Michael Sam is gay. That’s a statement that is getting so wonderfully pedestrian; it’s wonderful to think that in most cases the immediate response would be, “Who cares?” For Michael Sam, it’s a little more noteworthy, though. Sam is a defensive linemen for Missouri, and about to enter the NFL Draft. If drafted (he’s expected to go in the middle rounds), and if he makes the roster of whichever team drafts him, he’ll be the first openly gay player to play in the NFL, or in any of the four major American sports. That’s worth talking about.
Something else that’s noteworthy about Sam is his integrity. The fact that he’s gay has not exactly been kept under a tight lock; he came out to his entire team last year. His team, and his coaching staff was very supportive of him for the rest of his college career. But the fact that he decided to come out publicly to the media before the draft is incredible. Sam easily could’ve kept his orientation under wraps until after the draft. He could’ve come out after he had secured a place on an NFL roster, and nobody – myself included – would’ve criticized him for that.
That’s not what Sam did, though. He made it a point to publicly declare his homosexuality before the draft, before he’d signed a contract, before he earned they payday he’s been working towards for years. That was an intentional decision for him. He told ESPN in an interview,
“I just want to go to the team who drafts me, because that team knows about me, knows that I’m gay, and also knows that I work hard. That’s the team I want to go to.”
He doesn’t want a team drafting him without knowing in full what they’re getting. He’s even putting his future career at risk. It’s not out of the realm of possibility that all 32 teams decide that they don’t want to deal with the inevitable controversy drafting him will bring. But Sam thinks it’s more important that a team knows exactly what their signing when they draft him. That’s class at a whole new level.
So how does Sam’s prospects look, being the first openly gay player to enter the draft? It’s tough to tell. Other leagues in North America have such different reactions to dealing with homosexuality, they’re not much a predictor. While most leagues are taking active steps to stop homophobic language, they way they handle gay players varies.
Last year NBA player Jason Collins came out after entering free agency. He was the first active player in one of the four major sports to come out. While that was an important step, the fact is that no NBA team was willing to sign him to contract after he came out. The league claims that Collins’ coming out has nothing to do with why he hasn’t found a new team, but it’s tough to imagine it’s not a factor.
MLS midfielder Robbie Rogers also came out last year while he was playing in England. Rogers did get a contract, and spent half a season with the LA Galaxy. Even more heartening, there were no reports of blowback from fans, other players, or coaches. Everyone seems fully supportive of him, and the only criticism he’s faced is based strictly on his play on the field. However, MLS isn’t considered to be a major sport in America, and subsequently Rogers’ exposure has been limited.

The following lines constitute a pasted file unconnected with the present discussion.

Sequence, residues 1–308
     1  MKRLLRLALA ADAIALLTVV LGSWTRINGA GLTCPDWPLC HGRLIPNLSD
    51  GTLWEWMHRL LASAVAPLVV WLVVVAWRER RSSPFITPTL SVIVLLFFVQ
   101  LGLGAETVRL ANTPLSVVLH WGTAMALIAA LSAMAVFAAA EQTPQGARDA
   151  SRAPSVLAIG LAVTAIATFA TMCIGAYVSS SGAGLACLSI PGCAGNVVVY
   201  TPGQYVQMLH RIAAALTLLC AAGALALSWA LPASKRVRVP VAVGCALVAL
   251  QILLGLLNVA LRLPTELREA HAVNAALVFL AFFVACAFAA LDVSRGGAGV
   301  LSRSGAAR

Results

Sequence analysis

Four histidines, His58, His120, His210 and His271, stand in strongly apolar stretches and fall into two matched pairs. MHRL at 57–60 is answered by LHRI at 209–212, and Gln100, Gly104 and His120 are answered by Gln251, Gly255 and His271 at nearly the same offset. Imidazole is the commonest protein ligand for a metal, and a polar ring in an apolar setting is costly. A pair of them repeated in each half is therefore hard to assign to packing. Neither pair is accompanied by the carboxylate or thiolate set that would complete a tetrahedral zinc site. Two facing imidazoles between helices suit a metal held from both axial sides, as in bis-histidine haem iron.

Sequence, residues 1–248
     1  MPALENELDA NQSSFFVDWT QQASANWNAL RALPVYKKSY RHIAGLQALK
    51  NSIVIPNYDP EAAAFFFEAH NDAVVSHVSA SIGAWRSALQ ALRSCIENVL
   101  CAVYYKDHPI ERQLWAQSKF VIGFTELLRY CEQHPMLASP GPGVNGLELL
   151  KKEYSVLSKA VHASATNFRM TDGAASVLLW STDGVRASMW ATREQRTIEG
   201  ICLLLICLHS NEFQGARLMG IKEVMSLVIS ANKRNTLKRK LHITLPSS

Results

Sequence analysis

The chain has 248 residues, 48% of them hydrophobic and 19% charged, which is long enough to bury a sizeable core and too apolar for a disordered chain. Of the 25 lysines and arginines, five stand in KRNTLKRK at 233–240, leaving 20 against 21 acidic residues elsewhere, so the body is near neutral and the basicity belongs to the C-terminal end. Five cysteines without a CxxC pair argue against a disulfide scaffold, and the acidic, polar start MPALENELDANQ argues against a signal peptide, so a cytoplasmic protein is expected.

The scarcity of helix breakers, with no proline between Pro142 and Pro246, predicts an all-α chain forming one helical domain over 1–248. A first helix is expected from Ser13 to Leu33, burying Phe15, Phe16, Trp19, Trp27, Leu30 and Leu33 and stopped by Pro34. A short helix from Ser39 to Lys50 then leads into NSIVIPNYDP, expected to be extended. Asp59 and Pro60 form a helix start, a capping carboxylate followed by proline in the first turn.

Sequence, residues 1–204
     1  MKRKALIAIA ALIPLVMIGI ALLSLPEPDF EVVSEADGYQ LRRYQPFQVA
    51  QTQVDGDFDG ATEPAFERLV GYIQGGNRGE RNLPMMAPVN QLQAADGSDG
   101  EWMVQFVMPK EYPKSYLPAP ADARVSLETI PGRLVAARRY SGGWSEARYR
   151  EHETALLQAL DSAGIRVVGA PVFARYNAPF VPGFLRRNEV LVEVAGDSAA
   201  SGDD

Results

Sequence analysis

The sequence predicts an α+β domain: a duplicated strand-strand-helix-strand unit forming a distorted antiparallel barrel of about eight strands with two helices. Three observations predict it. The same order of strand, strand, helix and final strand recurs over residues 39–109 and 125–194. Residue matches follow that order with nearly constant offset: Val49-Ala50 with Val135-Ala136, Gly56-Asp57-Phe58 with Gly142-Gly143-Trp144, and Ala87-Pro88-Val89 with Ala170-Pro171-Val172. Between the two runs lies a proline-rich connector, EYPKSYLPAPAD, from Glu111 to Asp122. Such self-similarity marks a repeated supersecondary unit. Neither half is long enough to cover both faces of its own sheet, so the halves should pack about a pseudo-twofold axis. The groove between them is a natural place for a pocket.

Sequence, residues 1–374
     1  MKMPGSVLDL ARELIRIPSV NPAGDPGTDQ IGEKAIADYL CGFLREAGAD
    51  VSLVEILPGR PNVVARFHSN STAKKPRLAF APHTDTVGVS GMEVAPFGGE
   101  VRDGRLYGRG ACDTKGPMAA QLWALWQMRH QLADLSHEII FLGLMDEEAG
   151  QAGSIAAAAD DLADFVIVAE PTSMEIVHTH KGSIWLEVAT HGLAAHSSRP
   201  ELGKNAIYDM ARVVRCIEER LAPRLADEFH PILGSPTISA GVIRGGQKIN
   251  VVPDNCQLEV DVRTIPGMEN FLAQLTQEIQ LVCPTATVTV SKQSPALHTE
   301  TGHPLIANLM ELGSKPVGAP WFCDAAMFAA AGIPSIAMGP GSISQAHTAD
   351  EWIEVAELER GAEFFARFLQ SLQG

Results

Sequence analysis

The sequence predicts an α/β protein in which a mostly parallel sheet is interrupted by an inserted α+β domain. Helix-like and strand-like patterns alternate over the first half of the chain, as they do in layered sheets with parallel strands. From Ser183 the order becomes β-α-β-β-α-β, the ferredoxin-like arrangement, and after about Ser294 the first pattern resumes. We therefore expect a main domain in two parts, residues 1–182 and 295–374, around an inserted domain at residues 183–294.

So the question remains, how will the NFL deal with an openly gay player potentially in the league? If the past is any indication, it doesn’t seem hopeful. It’s not like the NFL is known for being the most gay friendly community in the world. Just one month ago, former Vikings punter Chris Kluwe claimed that he was fired just for speaking out for gay rights.
Homophobia and the NFL go hand in hand. One columnist said that the NFL set the standard for homophobia, pointing out that the NFL is the only major league who has yet to fine – or even punish in any way – a player for using an anti-gay slur. There’s even players who claim they’ve been questioned by teams about their sexual orientation at the NFL combine (pre-Draft workout).
So what can Sam expect? Let Keith Olbermann explain how things seem to be going so far:
If you didn’t spend the 5 minutes to watch that, you should. Olbermann discusses a number of current and former NFL scouts and executives who don’t think the league is ready for an openly gay player, all while strictly keeping their own anonymity.
That kind of cowardly attack on Sam is extremely troubling. Just the other day I was discussing how one of the best virtues of professional sports is the fact that it’s a meritocracy. Ideally, it shouldn’t matter in the slightest what color, gender, religion, or sexual orientation a player is. If they play well, they’ll earn a spot. But apparently a number of NFL execs don’t see it that way. That’s the kind of tired prejudice I would expect out of a player like Richie Incognito, not the top brass. Speaking of that, since Incognito is the poster boy for bigoted culture in the NFL, did he have anything to say about Sam?
— Richie Incognito (@68INCOGNITO) February 10, 2014
Ooooh… that can’t look good for the execs.
I’m hopeful things work out well for Sam. I want nothing more than for some team to take a chance on him and give him an honest chance to prove himself. He should be judged on his ability, and nothing else. I’m proud to live in a time to see somebody as brave as him take this step. I’d be even more proud to see my optimism for the league justified.
At the very least there’s this: The Westboro Baptist Church have already announced that they’ll protest Sam’s school this weekend. If ever you do something that brings those hateful bastards out in protest, chances are you’re doing something right and worthwhile in your life. So Michael Sam, I thank you for that.